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(1) Could you clarify (by editing) whether you mean "technical copywriting" (as in the title) or "technical writing" (as in the first sentence)? The two are not the same :). (2) Yes, I do know people who wouldn't know the term RAM in a non-ovine sense. But more importantly, even the majority that would recognise the word would be hard pressed to say what it actually means - just as most people would be able to tell you that a carburetor is part of a car, but couldn't tell you what it does or even what it looks like :) –  psmears Feb 19 '11 at 8:37
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7 Answers

up vote 3 down vote accepted
+50

Technical writing is a broad term. I think the confusion arises because technical writing styles can differ widely with the intended audience. To pull out of the technical arena, compare a high-school biology text book and a genetics paper published in Nature. Both are examples of scientific writing, but the latter can safely lodge itself deeply in the biologists' vernacular, while the former should explain every word that is not plain English.

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+1, thanks. Last time I read Nature was 20 years ago but, I recall, it uses telegraph style in short articles and terms from specialized domains of science which are not characterized by dictionaries as "not an English word". Just different flavors of scientific styles –  Gennady Vanin Novosibirsk Feb 13 '11 at 3:53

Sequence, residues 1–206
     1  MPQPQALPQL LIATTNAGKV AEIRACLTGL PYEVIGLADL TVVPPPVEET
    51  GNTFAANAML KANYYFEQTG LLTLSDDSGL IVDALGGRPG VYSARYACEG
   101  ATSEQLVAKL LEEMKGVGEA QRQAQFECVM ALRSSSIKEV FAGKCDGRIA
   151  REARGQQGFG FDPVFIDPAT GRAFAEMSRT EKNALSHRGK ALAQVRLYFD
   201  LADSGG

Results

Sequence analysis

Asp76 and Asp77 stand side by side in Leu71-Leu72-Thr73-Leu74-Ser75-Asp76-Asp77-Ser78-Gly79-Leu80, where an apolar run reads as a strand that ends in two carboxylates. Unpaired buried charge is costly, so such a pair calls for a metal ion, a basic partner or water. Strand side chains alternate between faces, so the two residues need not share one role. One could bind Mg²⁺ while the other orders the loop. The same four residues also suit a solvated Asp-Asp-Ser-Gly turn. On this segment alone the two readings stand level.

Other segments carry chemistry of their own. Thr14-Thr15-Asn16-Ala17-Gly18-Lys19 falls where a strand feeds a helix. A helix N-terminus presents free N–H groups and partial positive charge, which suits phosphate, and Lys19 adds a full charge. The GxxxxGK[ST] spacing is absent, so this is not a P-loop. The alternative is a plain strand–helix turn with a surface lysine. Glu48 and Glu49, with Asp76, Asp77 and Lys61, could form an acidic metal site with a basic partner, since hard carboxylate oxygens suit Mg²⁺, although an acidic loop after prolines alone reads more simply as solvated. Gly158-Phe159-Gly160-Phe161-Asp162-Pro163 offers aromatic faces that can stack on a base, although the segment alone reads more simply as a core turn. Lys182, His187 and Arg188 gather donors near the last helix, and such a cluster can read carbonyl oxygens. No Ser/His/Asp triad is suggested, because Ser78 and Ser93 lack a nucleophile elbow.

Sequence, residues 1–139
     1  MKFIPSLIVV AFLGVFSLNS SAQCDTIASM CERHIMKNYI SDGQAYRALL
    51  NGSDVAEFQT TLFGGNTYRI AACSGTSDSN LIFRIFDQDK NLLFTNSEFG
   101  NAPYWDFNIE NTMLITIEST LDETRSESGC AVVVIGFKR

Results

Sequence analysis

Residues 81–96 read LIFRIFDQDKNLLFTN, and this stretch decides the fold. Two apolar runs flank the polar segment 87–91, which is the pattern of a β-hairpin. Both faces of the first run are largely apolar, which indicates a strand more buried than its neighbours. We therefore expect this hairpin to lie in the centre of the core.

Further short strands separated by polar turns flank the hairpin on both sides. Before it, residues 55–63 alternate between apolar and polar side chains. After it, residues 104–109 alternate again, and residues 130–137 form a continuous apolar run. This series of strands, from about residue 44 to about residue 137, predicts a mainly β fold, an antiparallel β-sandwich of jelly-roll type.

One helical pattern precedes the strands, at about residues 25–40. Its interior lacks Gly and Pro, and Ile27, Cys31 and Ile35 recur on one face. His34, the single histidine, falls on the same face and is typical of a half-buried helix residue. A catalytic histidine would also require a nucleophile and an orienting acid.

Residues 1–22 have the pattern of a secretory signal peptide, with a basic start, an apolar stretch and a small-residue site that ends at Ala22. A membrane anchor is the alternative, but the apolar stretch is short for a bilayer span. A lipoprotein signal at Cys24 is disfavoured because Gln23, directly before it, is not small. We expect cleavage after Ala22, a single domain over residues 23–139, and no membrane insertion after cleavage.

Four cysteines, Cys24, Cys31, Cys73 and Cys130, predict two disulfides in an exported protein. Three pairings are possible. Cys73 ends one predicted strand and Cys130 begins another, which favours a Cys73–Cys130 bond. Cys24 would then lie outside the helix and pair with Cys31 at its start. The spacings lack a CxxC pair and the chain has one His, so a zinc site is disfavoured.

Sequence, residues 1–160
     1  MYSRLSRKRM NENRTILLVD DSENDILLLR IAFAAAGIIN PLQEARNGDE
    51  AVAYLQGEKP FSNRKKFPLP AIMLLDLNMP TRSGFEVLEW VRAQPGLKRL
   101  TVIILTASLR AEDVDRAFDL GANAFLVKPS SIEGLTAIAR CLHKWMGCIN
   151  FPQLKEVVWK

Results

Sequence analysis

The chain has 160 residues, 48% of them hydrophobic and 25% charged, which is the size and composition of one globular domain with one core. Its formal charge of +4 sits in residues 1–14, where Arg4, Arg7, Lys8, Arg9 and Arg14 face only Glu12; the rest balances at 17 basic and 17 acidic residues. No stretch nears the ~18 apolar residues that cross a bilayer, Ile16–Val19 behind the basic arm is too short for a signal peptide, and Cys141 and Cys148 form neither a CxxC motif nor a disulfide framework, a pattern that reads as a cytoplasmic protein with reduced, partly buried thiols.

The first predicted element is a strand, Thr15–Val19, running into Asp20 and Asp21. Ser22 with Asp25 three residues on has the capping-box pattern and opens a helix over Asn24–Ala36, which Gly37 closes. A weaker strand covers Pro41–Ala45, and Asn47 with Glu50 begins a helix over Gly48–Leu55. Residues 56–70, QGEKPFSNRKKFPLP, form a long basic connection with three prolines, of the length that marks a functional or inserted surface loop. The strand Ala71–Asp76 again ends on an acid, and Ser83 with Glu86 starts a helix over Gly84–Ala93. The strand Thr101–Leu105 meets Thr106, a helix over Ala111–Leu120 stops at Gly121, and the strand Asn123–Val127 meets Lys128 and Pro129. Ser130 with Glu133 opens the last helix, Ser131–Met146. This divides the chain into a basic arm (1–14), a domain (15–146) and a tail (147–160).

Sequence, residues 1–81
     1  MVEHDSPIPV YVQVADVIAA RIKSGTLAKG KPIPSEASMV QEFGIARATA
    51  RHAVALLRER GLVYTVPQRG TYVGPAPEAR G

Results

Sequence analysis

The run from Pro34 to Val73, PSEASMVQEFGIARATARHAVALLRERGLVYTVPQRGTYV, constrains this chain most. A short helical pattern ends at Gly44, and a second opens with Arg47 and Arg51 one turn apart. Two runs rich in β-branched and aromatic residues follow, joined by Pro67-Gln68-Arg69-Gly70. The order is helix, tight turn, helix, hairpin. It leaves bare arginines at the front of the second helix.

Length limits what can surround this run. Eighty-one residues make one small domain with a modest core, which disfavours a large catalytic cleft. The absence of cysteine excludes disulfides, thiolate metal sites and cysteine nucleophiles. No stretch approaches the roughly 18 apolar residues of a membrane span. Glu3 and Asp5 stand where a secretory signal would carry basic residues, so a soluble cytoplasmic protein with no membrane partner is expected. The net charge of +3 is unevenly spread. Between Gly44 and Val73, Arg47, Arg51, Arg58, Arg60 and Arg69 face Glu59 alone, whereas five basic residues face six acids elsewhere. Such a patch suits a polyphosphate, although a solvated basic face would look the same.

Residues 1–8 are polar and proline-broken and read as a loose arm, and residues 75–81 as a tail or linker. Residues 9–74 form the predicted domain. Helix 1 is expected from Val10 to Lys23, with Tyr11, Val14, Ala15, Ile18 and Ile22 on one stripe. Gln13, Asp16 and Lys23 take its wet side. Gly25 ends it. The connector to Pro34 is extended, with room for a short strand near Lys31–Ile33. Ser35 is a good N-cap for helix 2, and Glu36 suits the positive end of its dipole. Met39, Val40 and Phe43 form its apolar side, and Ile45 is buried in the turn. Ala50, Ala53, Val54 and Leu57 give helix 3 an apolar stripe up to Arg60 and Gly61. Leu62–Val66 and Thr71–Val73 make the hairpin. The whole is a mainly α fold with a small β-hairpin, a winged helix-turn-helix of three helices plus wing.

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Jargon, in that particular context, is not "using incorrect English words". It is this sense of the word:

the technical terminology or characteristic idiom of a special activity or group.

By definition, jargon is language usage that is not ubiquitous throughout the language, and as such is not standard (though it may have a very standard use within its specialist group).

Specialized language that is only understood by a specific group can also have the effect of excluding outsiders. Jargon terms can also be overused by people. As such, derogatory connotations for the term also exist; often the word is used when too much technical terminology is being used.

But if something is called jargon, that does not automatically mean it is incorrect or poor writing.

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+1, thanks. I do not know anyone who does not use computers. I only know one person who does not use mobiles but he uses electrical appliances and still is capable to read instructions to them. Do you know anybody who does not use electrical appliances and is not cpable of reading instructions to them in technical English? Technical English is, by no means, specialized, it is vulgarized to be understood by anybody –  Gennady Vanin Novosibirsk Feb 13 '11 at 3:43
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@vgv8: There is an enormous difference between using computers and knowing the thousands of different specialized bits of computer jargon. –  Kosmonaut Feb 14 '11 at 1:22
    
@Kosmonaut, that's the point that copywriters do not use specialized words. Quite to the opposite they are vulgarizing and popularizing the most exquisite terms in words understandable to anybody –  Gennady Vanin Novosibirsk Feb 14 '11 at 2:23
    
@Rhodri, thanks for all your comments. They should be in answer. It seems to me more convenient –  Gennady Vanin Novosibirsk Feb 15 '11 at 16:27